Climb Every Mountain

I was 10 years old when Edmund Hillary and Tenzing Norgay climbed to the top of Mt. Everest, but I must have been a little older when I discovered John Hunt's . Because when I did read it, I distinctly remember reading every other book I could find, first on Everest and then on every other daunting mountain in the Himalayas and elsewhere that I could lay my hands on. And when I remember that search, it takes place in my high school library.

There was a time when I could recount Hillary and Tenzing's route up the mountain with as much familiarity as the route from home to school. I could rattle off places like Base Camp, Khumbu Ice Fall, the Western Cwm, and the Lhotse Face as surely as I could name the streets on which my friends and I lived. In my dreams, I gained the South Col and struggled up the South Summit to the peak of Everest, from where I looked out over the entire world.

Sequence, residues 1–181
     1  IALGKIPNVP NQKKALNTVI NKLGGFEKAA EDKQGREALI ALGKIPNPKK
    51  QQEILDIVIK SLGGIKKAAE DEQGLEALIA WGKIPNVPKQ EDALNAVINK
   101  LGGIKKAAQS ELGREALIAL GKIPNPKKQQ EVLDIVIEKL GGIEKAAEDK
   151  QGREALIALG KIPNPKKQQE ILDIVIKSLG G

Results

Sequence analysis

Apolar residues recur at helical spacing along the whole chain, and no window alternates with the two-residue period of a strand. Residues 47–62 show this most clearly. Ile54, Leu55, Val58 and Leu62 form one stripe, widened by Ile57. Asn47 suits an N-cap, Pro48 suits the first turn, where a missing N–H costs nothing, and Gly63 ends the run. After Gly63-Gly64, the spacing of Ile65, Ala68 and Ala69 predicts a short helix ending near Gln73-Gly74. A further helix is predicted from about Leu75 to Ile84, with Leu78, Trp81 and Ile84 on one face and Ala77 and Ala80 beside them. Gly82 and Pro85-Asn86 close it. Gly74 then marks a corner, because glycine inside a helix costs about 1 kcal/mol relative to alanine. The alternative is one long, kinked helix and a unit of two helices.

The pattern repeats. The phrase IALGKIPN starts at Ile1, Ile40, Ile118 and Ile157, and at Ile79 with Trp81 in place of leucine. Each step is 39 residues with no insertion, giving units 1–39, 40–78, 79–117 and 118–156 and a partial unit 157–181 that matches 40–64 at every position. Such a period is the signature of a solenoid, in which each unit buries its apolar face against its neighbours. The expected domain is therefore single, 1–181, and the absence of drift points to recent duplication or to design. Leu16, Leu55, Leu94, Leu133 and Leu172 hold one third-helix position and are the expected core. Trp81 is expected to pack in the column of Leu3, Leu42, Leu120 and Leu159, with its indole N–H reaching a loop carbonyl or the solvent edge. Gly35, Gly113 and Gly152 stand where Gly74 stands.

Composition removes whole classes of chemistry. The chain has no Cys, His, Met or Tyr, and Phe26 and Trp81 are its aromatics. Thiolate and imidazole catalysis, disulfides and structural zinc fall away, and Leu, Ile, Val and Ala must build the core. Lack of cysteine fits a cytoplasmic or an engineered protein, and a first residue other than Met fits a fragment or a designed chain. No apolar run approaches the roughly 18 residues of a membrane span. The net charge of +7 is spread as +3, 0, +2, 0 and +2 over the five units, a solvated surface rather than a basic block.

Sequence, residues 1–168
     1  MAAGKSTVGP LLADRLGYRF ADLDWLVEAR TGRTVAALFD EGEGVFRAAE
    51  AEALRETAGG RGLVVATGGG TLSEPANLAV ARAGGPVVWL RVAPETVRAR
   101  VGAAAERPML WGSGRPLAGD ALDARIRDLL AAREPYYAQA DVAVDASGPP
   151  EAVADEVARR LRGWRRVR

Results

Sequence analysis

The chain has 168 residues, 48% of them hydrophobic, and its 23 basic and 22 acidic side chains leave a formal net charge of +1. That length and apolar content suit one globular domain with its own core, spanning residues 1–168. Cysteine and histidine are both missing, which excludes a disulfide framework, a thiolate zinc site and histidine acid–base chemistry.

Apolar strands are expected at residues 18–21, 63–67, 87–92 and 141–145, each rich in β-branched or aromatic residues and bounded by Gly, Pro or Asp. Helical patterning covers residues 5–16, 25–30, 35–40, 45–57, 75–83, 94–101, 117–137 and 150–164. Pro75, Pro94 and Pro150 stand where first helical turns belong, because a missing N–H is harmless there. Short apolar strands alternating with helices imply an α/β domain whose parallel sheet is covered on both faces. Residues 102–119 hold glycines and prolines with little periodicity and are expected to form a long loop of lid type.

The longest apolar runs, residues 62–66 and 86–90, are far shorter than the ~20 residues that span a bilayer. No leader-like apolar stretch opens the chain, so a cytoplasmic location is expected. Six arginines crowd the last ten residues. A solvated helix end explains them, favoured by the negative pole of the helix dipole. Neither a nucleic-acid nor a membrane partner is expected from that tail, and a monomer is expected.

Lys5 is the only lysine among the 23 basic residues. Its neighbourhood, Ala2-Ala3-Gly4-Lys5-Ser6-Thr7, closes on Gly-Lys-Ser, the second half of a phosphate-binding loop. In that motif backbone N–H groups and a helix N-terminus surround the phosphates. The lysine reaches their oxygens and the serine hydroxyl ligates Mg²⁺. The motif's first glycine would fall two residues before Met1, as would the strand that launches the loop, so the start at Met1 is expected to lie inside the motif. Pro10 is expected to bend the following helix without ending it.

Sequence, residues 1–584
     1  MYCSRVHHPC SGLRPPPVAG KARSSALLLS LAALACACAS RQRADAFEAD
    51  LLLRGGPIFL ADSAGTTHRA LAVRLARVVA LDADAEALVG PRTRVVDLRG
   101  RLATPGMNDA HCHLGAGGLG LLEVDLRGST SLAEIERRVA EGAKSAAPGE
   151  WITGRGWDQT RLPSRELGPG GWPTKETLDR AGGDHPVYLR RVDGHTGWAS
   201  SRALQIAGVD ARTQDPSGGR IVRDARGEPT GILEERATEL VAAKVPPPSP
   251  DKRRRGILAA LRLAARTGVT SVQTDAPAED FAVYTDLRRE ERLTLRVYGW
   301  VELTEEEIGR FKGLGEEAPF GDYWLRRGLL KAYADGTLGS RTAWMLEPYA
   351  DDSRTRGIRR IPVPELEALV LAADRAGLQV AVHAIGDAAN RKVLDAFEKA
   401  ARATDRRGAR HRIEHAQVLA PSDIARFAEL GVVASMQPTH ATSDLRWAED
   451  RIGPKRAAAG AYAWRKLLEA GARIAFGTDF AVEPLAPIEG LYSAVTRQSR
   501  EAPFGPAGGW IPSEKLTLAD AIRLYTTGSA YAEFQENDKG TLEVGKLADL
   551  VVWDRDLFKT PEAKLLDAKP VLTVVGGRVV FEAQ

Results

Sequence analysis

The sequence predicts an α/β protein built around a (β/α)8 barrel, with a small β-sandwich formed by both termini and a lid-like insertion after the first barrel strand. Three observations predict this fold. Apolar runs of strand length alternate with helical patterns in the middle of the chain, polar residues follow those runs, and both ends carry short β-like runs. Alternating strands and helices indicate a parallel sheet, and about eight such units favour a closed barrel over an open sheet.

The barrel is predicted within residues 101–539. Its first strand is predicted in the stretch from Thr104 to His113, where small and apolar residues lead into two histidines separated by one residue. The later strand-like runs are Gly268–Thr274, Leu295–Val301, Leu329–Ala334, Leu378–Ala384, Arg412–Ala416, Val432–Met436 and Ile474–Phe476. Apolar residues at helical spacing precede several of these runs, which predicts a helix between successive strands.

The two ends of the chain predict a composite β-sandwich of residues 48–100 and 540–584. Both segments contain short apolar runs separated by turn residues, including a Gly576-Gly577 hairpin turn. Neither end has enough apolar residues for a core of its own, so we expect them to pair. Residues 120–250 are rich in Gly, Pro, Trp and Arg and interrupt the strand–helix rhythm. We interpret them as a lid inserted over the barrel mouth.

Everest was my first love, but soon there were others: , and . And still other peaks with tantalizing names for which I could find no stand-alone books: Kangchenjunga, Dhaulagiri, Nanga Parbat.

I fell in love with them all. It was heartbreaking.

It was heartbreaking because the library which I scoured for each and every reference to a Himalayan peak was situated in the city of Decatur, which in turn was situated in the center of Illinois, otherwise known as The Prairie State. The mean elevation is 600 feet. I was in my mid-forties by the time I made it to Washington State, and to my everlasting shame, when a friend asked if I was up for climbing Rainier one summer, I asked if they'd put in the escalator yet. I'd been smoking for 30 years and had no illusions about my mountaineering abilities.

Still, any mention of Everest brings it all back, and once again I'm right there, negotiating the Khumbu Icefall, breaking out into the Western Cwm, and struggling up the Lhotse Face to the South Col. Books took me there, and books can take me back. They can take you too.